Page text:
In my home, I am the proud owner of not just one, but four virtual assistants. Without context, you’d probably think Alexa was a close family member, and considering the amount of times I have to tell her to turn the music down before she complies, she really is starting to resemble my younger sister. Like the crux of many a science fiction plot, the artificial eavesdroppers that filter through my everyday happenings make me question whether robots truly will take over. As we continue to experience a world where our sleep patterns are tracked by the watches on our wrists and tailored ads make us question whether our phones really are listening, it would be fair to say we’re already living that reality.
As AI infiltrates our routines, it is perhaps natural as a designer to start considering the impact this has on our practice. Up until recently, there has been a reasonably stark distinction between the human-dependent design process and machine learning. Yet, as the capabilities of AI extend and the nature of algorithms and their usage become increasingly more complex, the boundaries in this distinction become blurry. Where AI has the potential to revolutionise our design practices and the consequent lives we lead, it simultaneously forces us to question, engage and challenge both its influence and our own.
Design and designers, by nature, aren’t utilitarian. Neither lend themselves to the level of pragmatism and mathematical logic we are quick to associate with the machine robots of our world. As a result, when other industries wonder if AI will eventually replace their workforce, there is a certain security in being a designer, where our levels of empathy and genuine understanding has value beyond coded 1’s and 0’s. Being designers, we absorb so much beyond that which algorithms can deduce. Our own deductions are weighted by feeling and a social intelligence that we like to think could never be translated into code.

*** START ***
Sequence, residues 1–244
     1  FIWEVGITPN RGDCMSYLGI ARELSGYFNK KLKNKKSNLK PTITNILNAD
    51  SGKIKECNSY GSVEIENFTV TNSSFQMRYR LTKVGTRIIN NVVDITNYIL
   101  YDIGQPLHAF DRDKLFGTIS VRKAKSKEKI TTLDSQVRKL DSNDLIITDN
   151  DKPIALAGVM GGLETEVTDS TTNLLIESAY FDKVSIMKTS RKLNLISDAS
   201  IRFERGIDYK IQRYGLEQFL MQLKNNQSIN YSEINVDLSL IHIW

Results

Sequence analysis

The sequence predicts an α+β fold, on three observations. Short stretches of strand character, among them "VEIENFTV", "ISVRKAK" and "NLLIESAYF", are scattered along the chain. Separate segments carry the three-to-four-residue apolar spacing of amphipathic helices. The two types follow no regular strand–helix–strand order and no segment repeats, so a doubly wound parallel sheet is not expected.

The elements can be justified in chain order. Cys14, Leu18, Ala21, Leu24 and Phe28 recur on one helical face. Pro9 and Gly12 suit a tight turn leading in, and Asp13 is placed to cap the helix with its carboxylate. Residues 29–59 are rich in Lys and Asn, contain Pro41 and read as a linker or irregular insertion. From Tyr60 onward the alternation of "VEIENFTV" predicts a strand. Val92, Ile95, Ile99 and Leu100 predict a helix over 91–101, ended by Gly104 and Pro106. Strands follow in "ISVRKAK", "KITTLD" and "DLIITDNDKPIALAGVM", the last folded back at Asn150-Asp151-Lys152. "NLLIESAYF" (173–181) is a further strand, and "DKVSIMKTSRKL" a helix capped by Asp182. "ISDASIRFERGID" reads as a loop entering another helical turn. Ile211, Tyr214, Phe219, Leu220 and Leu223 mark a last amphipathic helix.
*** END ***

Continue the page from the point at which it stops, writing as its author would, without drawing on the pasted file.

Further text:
As a designer, my own practice is directed by my ever-growing interest in the human psyche. The visuals, narratives and strategy I produce are all funnelled through empathetic reasoning and reference to behavioural economics. There are great nuances within the moral and ethical landscapes of the world, and it is within the role of the designer to capture such subtleties in an effort to make work that resonates. So what happens when we start putting machine learning into the equation? If AI develops to a point where it understands human complexity at the same level we as designers pride ourselves on, albeit an understanding rooted in figures and stats, does the empathy gap become more of a marginal difference? If so, are we as designers fated to take on more of a curatorial role, rather than a creative one? The whole thing sounds increasingly like a Black Mirror episode.
If it wasn’t feeling dystopian enough, the growth of AI and its an underlying presence within our daily lives is leading to disparities, misconduct and outright discrimination. Despite their presumed objectivity, machines are quickly becoming a central force in facilitating the human tendency to create hierarchies and subsequent divisions. As stated by Joy Buolamwini in her TED talk, the nature of algorithmic bias spreads like a virus (something we can all relate to), leading to ‘exclusionary experiences’ and ‘discriminatory practices’. So where do designers come in? Well, despite the aforementioned empathy gap narrowing between ourselves and the machines, it’s important to understand that a balance can be achieved and, in turn, create environments where AI can be used in an effective yet controlled manner. Our understanding as designers of moral and ethical behaviour and our sensitivity to humanity make us important players in the expansion of AI and the nuances of algorithms. As designers, we are at the epicentre of global and social change, and as suggested by Buolamwini, we have a role to play in the creation of inclusive code and a consequent just society.
Buolamwini, J (2016) How I'm fighting bias in algorithms Available at: https://www.ted.com/talks/joy_buolamwini_how_i_m_fighting_bias_in_algorithms/transcript?language=en (Accessed:5 April 2021).
NY Times 2021. Biased Algorithms Are Easier to Fix Than Biased People (Published 2019). [online] Available at: <https://www.nytimes.com/2019/12/06/business/algorithm-bias-fix.html> [Accessed 5 April 2021]